Will Supreme Court give primacy to privacy?

Thursday, January 4, 2001

While the public mind was focused on post-election legal battles, the
Supreme Court heard arguments in a crucial clash between two of the rights
Americans hold most important: privacy and the First Amendment. The issues this
case raises are neither trivial nor irrelevant. If the court gets it wrong, we
all pay the price.

The immediate focus of
Bartnicki v. Vopper is the disclosure of an
intercepted cellular telephone conversation between two union leaders in
Pennsylvania. But the court's ruling will have a much wider impact on
individual privacy and the ability of the press to inform the public about
matters of consequence.

On the eve of a teachers' strike in May of 1993, union official Gloria
Bartnicki was talking on her cell telephone with teacher Anthony F. Kane about
the difference between the salary offer by the school district and what the
teachers had demanded. Referring to members of the local school board, Kane
said: “If they're not gonna move for three percent, we're gonna have to go
to their, their homes … to blow off their front porches. We'll have to do
some work on some of those guys. …”

The conversation was recorded by an unknown person, who put a tape of
the conversation in the mailbox of a school board member and another in the
mailbox of Jack Yocum, leader of a group opposing the union. Yocum turned the
tape over to Frederick Vopper, a radio talk show host. Vopper broadcast the
remarks on his radio show.

Bartnicki and Kane sued Yocum and Vopper and two radio stations under
a federal wiretap law, which has counterparts in 43 states and the District of
Columbia. The law imposes civil and criminal penalties for disclosing the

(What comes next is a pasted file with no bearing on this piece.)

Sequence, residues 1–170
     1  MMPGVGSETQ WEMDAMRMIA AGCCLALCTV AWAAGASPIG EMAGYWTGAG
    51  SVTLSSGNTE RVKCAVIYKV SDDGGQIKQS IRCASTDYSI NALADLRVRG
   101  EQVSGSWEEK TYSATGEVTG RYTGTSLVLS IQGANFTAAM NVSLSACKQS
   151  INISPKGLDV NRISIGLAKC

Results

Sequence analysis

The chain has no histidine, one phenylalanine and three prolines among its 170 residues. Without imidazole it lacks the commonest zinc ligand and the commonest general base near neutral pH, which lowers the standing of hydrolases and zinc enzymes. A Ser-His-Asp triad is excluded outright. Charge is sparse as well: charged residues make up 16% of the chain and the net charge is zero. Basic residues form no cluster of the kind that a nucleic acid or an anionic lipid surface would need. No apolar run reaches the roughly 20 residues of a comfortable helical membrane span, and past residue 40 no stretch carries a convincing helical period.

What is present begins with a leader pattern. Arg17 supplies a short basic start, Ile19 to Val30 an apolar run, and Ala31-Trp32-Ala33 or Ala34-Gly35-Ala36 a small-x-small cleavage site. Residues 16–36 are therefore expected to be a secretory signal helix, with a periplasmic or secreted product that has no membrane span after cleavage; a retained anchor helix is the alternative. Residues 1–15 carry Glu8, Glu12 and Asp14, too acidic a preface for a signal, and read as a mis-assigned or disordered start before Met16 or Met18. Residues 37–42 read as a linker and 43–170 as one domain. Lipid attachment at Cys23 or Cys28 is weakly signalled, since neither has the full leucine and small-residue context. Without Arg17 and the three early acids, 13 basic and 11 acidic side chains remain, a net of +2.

contents of communications illegally intercepted. When the suit reached the
U.S. Court of Appeals for the Third Circuit, the judges ruled 2-1 that the law
violated the First Amendment.

If the Supreme Court overturns the lower court's ruling, it may well
blow the front porch off the First Amendment rights of the public and the
press. Even so, such a ruling is quite possible. In today's wide-open society,
privacy claims are potent, and the court has shown a willingness to elevate
privacy over free speech in other cases.

There is no question that punishing individuals who illegally
intercept cell phone communications is a legitimate government interest. It is
quite another matter, however, to punish those who disclose legally obtained
information of vital public interest.

But that is exactly what the stakes are in this case: The press faces
punishment for reporting accurate, truthful information about possible threats
to elected officials related to an ongoing and important controversy in the
community. That information was obtained legally, had been disclosed already,
and came from a cell phone conversation in which the participants should have
had no reasonable expectation of privacy.

If the law as applied in this case passes constitutional muster, the
press won't be the only loser. Private citizens might not be able to share with
the public, the press or public officials information about threats, crime or
corruption, even if they receive that information legally.

Further, the governmental interest the court is asked to place above
the First Amendment interest is not actually served. As the Third Circuit
majority wrote: “Faced with nothing 'more than assertion and conjecture,'
it would be a long stretch indeed to conclude that the imposition of damages on
defendants who were unconnected with the interception even 'peripherally
promoted' the effort to deter interception.”

In fact, the government interest in protecting the confidentiality of
cell telephone conversations would be better served by prohibiting and
punishing interceptions than by punishing the press for publishing truthful
information that has already been disclosed.

Individuals concerned about their privacy would be better served by
remembering that cell phones are radio transmitters. Obtaining security
technology from their phone vendors would provide users with a more reasonable
expectation of privacy.

In Bartnicki v. Vopper, the
court is being asked to overlook significant First Amendment rights: the right
of anonymous speech, the right of individuals to speak to the press, the right
of the press to publish truthful information and the right of the people to
receive information of vital interest.

Let's hope the Supreme Court justices recognize that whether Bartnicki
and Kane had a reasonable expectation of privacy in a cell telephone
conversation, it is not reasonable to expect the First Amendment rights of
everyone else to yield to that claim.